Hollywood mogul Harvey Weinstein may have been disgraced. He’ll never be able to show his face in Hollywood — or many other locales, for that matter — ever again. Most people will remember him simply as a rapacious ghoul who should have been thrown in the hoosegow long ago. However, at the very least, he’s thus far managed to avoid spending much time inside of a courtroom.
That’s could be about to change — at least for the studio that bears his name.
The New York Times reported Sunday that the sale of The Weinstein Company has hit a serious snag, as New York State Attorney General Eric Schneiderman has “filed a lawsuit against the studio and its fraternal founders alleging that they repeatedly violated state and city laws barring gender discrimination, sexual harassment, sexual abuse and coercion.”
The lawsuit was filed electronically in a Manhattan court this weekend, apparently to prevent a sale of the company to a group of investors for $275 million.
“If financiers get spooked, Mr. Schneiderman’s move could ultimately kill the proposed deal, putting the Weinstein Company on an almost certain path to bankruptcy,” The Times reported.
The Times also noted that “the final-stage talks came to a screeching halt on Sunday afternoon, according to the two people briefed on the process, as the investor group received word that Mr. Schneiderman was about to file a lawsuit based on an ongoing four-month investigation into the Weinstein Company’s internal dealings.”
“Any sale of the Weinstein Company must ensure that victims will be compensated, employees will be protected going forward, and that neither perpetrators nor enablers will be unjustly enriched,” Schneiderman said in a statement.
The Weinstein Company has been bleeding money since The Times became the first major publication to go on the record with concrete accusations against the Hollywood mogul back in October of 2017.
However, rumors about Weinstein’s behavior had been floating around the entertainment world for decades, with innuendoes appearing everywhere from blind gossip columns to Oscar nomination ceremonies, all while being mostly ignored by the mainstream media.
Ever since the first Times piece, dozens of accusers came out accusing Weinstein of inappropriate — if not illegal — behavior. Meanwhile, the Weinstein Co. has continued to fight bankruptcy.
While it’s worth noting that Schneiderman is known for using high-profile legal cases for political posturing (a series of actions against Donald Trump, including a rumor that he’s been working with special counsel Robert Mueller to press state charges against Paul Manafort to eliminate the possibility of a presidential pardon, is fairly illustrative), this isn’t exactly baseless “Bonfire of the Vanities”-level legal preening here.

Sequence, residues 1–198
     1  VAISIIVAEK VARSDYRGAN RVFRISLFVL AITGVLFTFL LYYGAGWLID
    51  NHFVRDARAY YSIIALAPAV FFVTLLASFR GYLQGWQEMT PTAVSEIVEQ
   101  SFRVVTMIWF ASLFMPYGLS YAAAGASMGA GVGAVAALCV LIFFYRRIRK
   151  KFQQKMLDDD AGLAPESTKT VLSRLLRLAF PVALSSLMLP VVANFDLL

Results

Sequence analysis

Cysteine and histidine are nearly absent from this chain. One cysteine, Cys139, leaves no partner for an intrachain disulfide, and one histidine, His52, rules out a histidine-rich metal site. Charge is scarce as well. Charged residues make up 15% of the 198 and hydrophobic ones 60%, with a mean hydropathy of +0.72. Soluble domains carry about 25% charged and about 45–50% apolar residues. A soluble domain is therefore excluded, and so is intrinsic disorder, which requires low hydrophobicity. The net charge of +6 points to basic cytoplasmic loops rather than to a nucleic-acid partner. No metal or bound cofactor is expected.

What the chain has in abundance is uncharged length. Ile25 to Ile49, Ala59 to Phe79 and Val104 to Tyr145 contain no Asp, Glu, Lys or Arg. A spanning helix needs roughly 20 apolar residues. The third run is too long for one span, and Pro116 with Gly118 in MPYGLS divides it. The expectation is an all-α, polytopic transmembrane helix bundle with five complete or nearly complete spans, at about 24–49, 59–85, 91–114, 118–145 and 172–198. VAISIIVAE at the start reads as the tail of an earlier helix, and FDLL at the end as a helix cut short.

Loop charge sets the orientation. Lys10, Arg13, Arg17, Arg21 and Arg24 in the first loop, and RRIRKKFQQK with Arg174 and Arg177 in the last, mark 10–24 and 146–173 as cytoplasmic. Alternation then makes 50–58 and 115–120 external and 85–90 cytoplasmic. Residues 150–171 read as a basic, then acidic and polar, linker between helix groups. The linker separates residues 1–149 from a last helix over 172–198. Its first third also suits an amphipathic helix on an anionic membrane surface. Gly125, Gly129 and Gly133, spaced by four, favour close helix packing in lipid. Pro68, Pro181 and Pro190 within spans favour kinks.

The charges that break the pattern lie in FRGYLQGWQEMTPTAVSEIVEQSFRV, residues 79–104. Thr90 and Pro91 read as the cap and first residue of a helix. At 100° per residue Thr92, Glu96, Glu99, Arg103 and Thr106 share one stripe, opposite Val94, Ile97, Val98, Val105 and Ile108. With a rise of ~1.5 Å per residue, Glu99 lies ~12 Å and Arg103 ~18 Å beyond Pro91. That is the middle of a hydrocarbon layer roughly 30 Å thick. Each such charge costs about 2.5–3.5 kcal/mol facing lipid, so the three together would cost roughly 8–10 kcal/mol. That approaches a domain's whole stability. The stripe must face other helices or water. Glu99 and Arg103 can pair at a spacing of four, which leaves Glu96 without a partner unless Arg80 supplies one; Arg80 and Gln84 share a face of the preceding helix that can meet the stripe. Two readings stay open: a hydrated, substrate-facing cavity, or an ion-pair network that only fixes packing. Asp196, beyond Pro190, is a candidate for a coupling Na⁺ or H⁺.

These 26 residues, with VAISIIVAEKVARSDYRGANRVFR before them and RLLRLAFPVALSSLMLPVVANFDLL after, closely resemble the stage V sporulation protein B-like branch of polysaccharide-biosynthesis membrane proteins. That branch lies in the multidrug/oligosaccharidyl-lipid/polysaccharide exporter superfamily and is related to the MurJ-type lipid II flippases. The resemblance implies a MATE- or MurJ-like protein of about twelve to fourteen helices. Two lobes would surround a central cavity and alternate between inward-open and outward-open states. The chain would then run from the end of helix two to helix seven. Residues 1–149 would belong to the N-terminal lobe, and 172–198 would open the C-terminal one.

That’s because it’s difficult to believe the only person at the Weinstein Co. who knew Harvey Weinstein was a serial degenerate was Harvey Weinstein. In fact, it’s hardly a matter of belief; Harvey’s contract with the Weinstein Co. specifically accounted for his reprehensible behavior.
As Deroy Murdock noted it at National Review, “Weinstein’s employment contract permitted him to engage in sexual harassment, get sued for it, and have the Weinstein Company pay judgments to his victims. Beyond that, he could keep his job, provided that he reimbursed the studio for these penalties and then paid fines internally to the company, based on a predictable and graduated scale for each harassment offense.”
When you’re codifying a pay scale for increasingly escalating sexual harassment offenses in an employment contract, there’s a serious problem. And it’s not just with the employee being contracted.
As for the schlubby roué himself, Weinstein is, at last report, still nursing his wounds in the Arizona desert. (Astute readers may recall that he entered “sex rehab” there, checked out after a week, and then checked back in after a predictable hue and cry.)
It remains to be seen whether or not Weinstein will appear in connection the lawsuit, should it ever go to court, or whether he’ll face criminal charges for any of his alleged offenses. However, it’s becoming increasingly clear that the laundry list of problems for Hollywood’s most infamous reprobate aren’t going away anytime soon.
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